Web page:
One of the most talked about films of this year is a small sequel with the name of Hallowe'en, directly following the 1978 film. But despite having a female lead, Jamie Lee Curtis, no less, and promoting a pseudo-feminist story, the film is directed by a man. In fact, Blumhouse Productions, the company behind. Hallowe'en, He has never hired a woman to direct one of his horror films. When you press on this fact, Blumhouse CEO and Hallowe'en producer Jason Blum said there were not many female directors, as if he said he had not hired directors because he could not find any. Naturally, the directors were not happy.
In an interview with Polygon, published on October 17, Blum was asked about the possibility of a woman directing one of Blumhouse's horror films, a genre for which the company is known. "We are always trying to do that," he said. "We're not trying to do it because of recent events, we've always been trying." The recent events to which he refers are the constant conversation about representation in the media, and also the fact that only 4.3 percent of the directors of the 1,100 highest-grossing films from 2007 to 2017 were women, as reported by the USC's Annenberg Inclusion Initiative in July.
Blum went on to explain why, according to him, it is so difficult to hire a woman as the director of a horror movie. "There are not a lot of women directors, and even fewer who are inclined to make the horror," Blum said. "I am a massive admirer of
The[[The babadook director]Jennifer Kent I've offered you all the movies we've had available. She has rejected me every time. "He continued mentioning Honeymoon director Leigh Janiak, but, as many people noticed online, the fact that he could only think of two female directors to whom he had offered jobs is as offensive as his statement that "there are not many female directors." The directors may not be employed by Blumhouse, but that does not mean they do not exist, and Twitter hastened to warn Blum.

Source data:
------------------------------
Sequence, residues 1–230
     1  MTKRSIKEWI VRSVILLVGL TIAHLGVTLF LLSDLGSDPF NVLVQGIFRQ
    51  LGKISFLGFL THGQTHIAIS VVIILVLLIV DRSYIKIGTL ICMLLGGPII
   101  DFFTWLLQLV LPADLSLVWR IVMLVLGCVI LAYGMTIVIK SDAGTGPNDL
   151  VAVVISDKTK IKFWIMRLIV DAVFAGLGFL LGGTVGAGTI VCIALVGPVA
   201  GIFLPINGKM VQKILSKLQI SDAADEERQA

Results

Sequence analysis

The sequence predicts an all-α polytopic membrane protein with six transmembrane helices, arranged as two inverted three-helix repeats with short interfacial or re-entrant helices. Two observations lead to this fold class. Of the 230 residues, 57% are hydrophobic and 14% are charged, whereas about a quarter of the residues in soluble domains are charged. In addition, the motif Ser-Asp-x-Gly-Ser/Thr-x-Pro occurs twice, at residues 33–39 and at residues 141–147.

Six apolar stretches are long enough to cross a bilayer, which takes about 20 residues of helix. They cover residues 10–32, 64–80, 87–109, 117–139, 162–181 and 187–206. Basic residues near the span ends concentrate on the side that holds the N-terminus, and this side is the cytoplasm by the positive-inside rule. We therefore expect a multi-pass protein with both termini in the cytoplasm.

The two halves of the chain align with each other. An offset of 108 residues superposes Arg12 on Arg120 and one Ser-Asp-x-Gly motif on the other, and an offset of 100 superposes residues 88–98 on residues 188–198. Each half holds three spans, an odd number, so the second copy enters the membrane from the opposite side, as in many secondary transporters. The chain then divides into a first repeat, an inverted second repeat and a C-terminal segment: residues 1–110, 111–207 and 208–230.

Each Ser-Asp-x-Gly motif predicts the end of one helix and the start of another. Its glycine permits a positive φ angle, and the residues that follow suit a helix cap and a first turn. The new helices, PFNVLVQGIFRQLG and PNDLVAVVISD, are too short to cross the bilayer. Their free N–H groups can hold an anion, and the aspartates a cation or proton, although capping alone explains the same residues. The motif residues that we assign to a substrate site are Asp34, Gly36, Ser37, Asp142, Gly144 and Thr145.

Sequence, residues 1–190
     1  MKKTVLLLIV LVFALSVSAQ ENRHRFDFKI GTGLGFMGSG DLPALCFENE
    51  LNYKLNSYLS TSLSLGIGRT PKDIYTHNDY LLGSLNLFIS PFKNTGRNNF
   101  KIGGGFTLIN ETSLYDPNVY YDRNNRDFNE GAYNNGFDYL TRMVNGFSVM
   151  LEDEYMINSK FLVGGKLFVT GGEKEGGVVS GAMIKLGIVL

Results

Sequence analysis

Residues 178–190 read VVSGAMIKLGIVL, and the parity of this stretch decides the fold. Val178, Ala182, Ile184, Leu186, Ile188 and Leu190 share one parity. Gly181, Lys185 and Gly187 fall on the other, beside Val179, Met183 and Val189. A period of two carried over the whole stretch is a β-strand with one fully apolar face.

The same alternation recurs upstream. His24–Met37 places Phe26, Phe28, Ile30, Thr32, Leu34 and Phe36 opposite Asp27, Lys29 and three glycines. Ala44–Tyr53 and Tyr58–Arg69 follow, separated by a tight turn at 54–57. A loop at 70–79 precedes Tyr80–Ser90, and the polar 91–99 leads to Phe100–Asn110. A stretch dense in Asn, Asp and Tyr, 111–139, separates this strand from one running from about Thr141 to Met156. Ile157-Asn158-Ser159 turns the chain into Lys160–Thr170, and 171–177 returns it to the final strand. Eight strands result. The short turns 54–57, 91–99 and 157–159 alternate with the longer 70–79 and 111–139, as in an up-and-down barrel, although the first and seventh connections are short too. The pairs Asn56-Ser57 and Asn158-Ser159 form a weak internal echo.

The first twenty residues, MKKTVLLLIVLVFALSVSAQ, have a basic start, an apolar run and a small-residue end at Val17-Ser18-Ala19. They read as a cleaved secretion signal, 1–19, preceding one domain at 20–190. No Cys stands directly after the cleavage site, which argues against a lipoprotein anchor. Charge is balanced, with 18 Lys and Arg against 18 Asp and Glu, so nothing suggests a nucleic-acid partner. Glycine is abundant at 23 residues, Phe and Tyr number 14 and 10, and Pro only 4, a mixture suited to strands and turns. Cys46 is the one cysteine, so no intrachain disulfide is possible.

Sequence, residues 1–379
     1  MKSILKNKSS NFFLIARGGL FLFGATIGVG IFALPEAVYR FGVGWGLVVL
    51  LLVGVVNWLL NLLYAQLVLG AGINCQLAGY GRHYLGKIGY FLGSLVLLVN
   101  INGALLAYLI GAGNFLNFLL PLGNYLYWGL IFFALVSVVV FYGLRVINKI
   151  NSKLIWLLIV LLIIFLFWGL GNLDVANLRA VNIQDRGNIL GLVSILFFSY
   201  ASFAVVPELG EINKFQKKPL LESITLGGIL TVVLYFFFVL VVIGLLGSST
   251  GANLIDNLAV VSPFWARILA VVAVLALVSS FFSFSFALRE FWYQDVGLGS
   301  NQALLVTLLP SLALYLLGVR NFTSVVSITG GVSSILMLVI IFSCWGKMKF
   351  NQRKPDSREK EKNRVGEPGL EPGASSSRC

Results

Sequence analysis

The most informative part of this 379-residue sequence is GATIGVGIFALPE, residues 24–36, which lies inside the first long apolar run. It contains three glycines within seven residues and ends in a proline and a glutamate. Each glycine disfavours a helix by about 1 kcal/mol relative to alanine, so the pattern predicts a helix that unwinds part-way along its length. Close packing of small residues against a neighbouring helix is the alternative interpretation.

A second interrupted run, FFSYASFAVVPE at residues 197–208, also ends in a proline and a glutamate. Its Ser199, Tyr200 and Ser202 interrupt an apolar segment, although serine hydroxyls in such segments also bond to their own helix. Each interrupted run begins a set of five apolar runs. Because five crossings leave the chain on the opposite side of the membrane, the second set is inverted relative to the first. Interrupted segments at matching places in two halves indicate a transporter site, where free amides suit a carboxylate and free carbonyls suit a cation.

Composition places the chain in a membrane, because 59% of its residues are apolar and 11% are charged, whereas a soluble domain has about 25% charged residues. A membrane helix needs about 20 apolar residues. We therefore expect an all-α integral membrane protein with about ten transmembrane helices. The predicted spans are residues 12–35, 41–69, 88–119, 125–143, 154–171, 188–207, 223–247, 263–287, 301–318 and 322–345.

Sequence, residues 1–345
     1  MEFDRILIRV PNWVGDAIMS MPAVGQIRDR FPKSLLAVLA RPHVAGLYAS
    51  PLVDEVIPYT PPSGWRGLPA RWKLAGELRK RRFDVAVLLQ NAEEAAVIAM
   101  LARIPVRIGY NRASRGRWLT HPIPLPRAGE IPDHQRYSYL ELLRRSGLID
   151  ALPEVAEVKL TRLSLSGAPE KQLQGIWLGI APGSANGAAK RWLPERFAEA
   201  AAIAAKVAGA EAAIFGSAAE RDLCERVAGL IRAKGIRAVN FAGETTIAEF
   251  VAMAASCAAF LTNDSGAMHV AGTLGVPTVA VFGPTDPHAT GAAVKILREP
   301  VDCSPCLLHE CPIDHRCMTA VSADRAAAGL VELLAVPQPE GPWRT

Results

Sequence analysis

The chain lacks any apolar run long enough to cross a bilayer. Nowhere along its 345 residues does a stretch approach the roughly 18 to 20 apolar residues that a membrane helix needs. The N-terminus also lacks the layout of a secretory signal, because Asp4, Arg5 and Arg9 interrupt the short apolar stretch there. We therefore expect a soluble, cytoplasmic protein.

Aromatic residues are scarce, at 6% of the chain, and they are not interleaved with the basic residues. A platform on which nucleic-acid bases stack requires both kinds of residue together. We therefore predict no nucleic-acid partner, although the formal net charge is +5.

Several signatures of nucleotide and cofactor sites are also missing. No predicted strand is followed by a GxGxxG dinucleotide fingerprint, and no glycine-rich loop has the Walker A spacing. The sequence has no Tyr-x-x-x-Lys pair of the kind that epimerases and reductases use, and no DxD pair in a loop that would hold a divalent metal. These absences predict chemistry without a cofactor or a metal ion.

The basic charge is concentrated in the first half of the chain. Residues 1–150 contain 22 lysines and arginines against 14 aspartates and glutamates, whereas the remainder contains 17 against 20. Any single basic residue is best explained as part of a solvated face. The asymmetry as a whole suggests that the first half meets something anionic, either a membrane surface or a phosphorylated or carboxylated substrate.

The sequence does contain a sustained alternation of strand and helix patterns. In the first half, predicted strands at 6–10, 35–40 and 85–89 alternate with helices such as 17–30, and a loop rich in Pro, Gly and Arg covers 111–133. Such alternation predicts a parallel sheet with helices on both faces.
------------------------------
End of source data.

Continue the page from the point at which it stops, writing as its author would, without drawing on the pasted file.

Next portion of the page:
As many pointed out, not only are the directors available, but they are available to direct horror films. In addition, others pointed out that Blumouse has taken a risk with male directors less known in the past. Oren Peli, the director of the first Paranormal activity He had never made a movie, but he made one of the biggest horror films in the last decade under Blumhouse. Despite having worked on special effects in movies for years, Stiles White, who directed OuijaI had never directed a movie. Ouija It was his first. And Mike Flanagan who directed Óculo I had only directed a few films before. He then went on to direct two other Blumhouse horror films.
If Blum's claim that they have been trying to find female directors to direct their films is true, why have not they hired unknown female directors because they have male directors? The fact is that this Blumhouse boss goes with unknown male directors (but never does it for a woman when it comes to any of his horror films), he talks out loud about the fact that Blum can not particularly have women in mind for projects after all.
The original interview was published on Wednesday morning, and at night Blum had issued an apology on his Twitter. He described his comments as "stupid" and blamed them for speaking "too fast about a serious issue." He also admitted that "they have not done a good enough job working with directors and it's not because they do not exist."
Definitely, it was a moment of word of mouth, and it comes from the systemic erasure of women in the entertainment industry. Hiring a woman to direct a horror movie does not have to be a difficult or difficult task, considering all the outpouring of voluntary women and others for work. Blumhouse, or any production company, does not have to hire a reputable director. Finding and cultivating new female talents in the horror genre is equally important if we are to achieve gender parity behind the scenes in any genre. We hope that Blumhouse learns of this and increases his game forever.